COLLEGE PARK — It was early in a Maryland-Wake Forest game last season and Devin Thomas and Alex Len seemed to be testing each other.
Len, then Maryland's sophomore center, bumped with the Wake Forest power forward as the two looked to establish position. Thomas, then a freshman, raised a forearm that grazed Len's torso.
It could have been an awkward situation for the Thomas family, watching from its Comcast Center seats. Bob Thomas and his wife, Tina Klotzbeecher-Thomas, are not only Devin's parents but also the parents of Alyssa Thomas, Maryland's women's basketball star. Any potential skirmish would pit their childrens' schools against each other.
In fact, the parents felt no unease. In the Thomas family, nothing is rewarded so much as raw aggression. Devin, who returns to College Park Tuesday night when the Demon Deacons (14-11, 4-8 Atlantic Coast Conference) visit the Terps (14-12, 6-7), was simply asserting himself a little earlier in his career than most freshmen.
"Here is how we've taught our kids — when you step on the court, no one is your friend," Klotzbeecher-Thomas said. "You've got to play to win. If that means you have to do the little sneaky stuff, then you have to do the little sneaky stuff. Devin was going to let them know: 'I may be a freshman and I may be Alyssa's brother, but I'm not going to take any crap from anyone.' That's Devin and that's how we raised him."
Said Devin Thomas, a 6-foot-9, 245-pound rugged rebounder who was ejected from a game against Kansas earlier this season after being assessed two technical fouls: "You're not supposed to back down from anybody.
Alyssa Thomas, a senior and one if the best players in school history, was also at Comcast Center to support her brother last season. She plans to attend Tuesday's game as well, but says it wouldn't be tactful to be as vocal as her mother.
"You cannot NOT hear my mom. She's that loud," Alyssa said. "I'll be there supporting him. I can't cheer too loud, because I'll be sitting with Maryland fans and my teammates. But blood is thicker than water. I always want to see him do well."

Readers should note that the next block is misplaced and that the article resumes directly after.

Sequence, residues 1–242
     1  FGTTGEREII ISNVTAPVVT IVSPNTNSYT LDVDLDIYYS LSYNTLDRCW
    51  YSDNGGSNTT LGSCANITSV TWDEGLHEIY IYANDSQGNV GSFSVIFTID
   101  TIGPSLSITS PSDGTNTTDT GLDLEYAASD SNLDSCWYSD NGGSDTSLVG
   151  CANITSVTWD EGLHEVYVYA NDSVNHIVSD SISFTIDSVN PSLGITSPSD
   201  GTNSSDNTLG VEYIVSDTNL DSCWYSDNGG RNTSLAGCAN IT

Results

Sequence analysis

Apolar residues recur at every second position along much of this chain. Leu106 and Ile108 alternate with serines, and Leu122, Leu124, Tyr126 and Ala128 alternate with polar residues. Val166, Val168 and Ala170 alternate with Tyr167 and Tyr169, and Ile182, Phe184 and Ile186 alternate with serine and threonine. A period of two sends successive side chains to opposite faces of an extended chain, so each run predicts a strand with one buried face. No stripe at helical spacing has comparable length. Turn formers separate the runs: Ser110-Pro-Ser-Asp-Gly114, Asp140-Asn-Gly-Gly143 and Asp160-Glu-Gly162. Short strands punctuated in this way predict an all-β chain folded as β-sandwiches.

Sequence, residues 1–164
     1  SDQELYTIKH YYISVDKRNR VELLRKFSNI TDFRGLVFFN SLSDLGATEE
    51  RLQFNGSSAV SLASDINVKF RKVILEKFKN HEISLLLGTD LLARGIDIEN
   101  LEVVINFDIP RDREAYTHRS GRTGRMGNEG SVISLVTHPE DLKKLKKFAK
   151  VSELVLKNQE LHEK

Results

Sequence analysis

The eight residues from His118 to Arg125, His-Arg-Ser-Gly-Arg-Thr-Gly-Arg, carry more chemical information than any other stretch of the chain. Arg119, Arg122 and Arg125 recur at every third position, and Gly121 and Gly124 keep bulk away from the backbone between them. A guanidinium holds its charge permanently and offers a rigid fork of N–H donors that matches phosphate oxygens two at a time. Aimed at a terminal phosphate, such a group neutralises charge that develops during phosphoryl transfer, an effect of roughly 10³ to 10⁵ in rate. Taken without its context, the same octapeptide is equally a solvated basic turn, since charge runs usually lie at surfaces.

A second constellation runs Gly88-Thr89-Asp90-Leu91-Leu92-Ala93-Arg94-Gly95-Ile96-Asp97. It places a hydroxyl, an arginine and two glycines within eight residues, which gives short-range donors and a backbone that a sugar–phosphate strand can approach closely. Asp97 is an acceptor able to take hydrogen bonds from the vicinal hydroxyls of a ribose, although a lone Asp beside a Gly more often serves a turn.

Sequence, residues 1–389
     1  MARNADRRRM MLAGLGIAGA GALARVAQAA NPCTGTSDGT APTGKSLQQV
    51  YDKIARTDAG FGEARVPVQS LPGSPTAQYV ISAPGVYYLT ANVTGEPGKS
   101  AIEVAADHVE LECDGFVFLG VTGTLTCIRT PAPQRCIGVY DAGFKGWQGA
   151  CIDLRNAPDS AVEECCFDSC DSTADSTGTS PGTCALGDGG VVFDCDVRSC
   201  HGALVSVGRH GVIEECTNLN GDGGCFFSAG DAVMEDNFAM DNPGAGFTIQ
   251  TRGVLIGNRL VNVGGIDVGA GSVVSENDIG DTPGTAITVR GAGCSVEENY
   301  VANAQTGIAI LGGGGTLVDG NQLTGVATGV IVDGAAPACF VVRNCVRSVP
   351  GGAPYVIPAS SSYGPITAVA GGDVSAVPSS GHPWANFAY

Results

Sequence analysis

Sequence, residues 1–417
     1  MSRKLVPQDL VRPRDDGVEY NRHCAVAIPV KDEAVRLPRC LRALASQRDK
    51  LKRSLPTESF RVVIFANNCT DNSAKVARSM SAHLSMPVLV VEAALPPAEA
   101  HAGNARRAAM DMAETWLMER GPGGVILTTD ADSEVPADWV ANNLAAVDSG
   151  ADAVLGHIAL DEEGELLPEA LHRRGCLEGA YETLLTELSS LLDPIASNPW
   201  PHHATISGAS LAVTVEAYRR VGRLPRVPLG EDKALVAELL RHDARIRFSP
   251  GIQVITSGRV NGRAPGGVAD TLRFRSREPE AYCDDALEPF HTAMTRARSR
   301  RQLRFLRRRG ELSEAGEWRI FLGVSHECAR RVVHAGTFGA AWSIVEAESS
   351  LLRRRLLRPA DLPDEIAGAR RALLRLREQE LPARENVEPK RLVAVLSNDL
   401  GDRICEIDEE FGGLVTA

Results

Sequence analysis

Devin Thomas —who once shattered a backboard on an alley-oop dunk while playing for Central Dauphin (Pa.) High School — averages 11.0 points per game. His 7.8 rebounds per game is fourth in the ACC.
"He's fast, he can get to the rim [and] get fouled," Maryland coach Mark Turgeon said. "Great offensive rebounder and a great defensive rebounder and a great finisher. He gives them a presence. You need to have a guy like that on your team."
There are few brother-sister combinations who have played at the level of Alyssa and Devin.
"I can only think of Reggie and Cheryl [Miller]," Alyssa said, referring to the former Indiana Pacers standout and his sister, who starred and coached at Southern California.
Devin Thomas said Monday that he had been interested in coming to Maryland while in high school. He was recruited by former coach Gary Williams and assistant Rob Ehsan. But Williams retired in May 2011, Ehsan was not retained and Thomas ended up at Wake Forest.
"Devin is in many ways the heart and soul of our basketball team," Wake Forest coach Jeff Bzdelik said. "He plays with great passion, great energy."
Tuesday's game comes with the Demon Deacons — and Thomas in particular — in their most trying stretch of the season. Wake Forest has lost its past five games. The Terps are trying to rebound after Saturday's excruciating 69-67 loss at Duke.
Devin Thomas is often his own worst critic. The pressure comes partly from having parents who both played competitively — for Division II Millersville — and coached their kids in the Amateur Athletic Union.
"We used to play one-on-one," Alyssa said. "[Devin] would get frustrated because I was so much quicker than him. I would drive to the hoop and he would get mad and tackle me."
Alyssa and Devin have a younger sister, Alexia, 12, who also plays.
Alexia "wants to be the shooter," the mother said. "Devin is more of a banger. Alyssa is more the finesse player."
Devin scored just two points with three rebounds in Wake Forest's most recent game, a 67-60 loss to Florida State.
"Right now, my rebounding is horrific. I'm not doing what my coach and teammates expect me to do," he said. "I hate to say this, but [I need to] probably play a little harder. I should never, ever have to say that. But we're in a slump."
After being named to the ACC all-freshman team last season, Thomas doesn't surprise teams anymore with his ability to bang inside.
"He needs to expand his game a little more in terms of being able — when teams take away one thing — to counter it with another move," Bzdelik said. "He's been a little inconsistent, but so has our basketball team as well over the last couple weeks. He's a terrific young man who works extremely hard, and I think we've come to expect so much out of him that when he falls short, we're like 'Wow.'"
NOTE: Turgeon said Monday that the ACC apologized for a mixup regarding the possession arrow during Saturday's loss at Duke. Instead of it being Maryland ball after a tie-up with 6:39 to go, Duke inbounded under its own basket and center Amile Jefferson scored to tie the game at 56. "It's basketball, it happens, we've moved on," Turgeon said Monday. "What are you going to do? We've got to move on and get ready for Wake."
Baltimore Sun reporter Don Markus contributed to this article.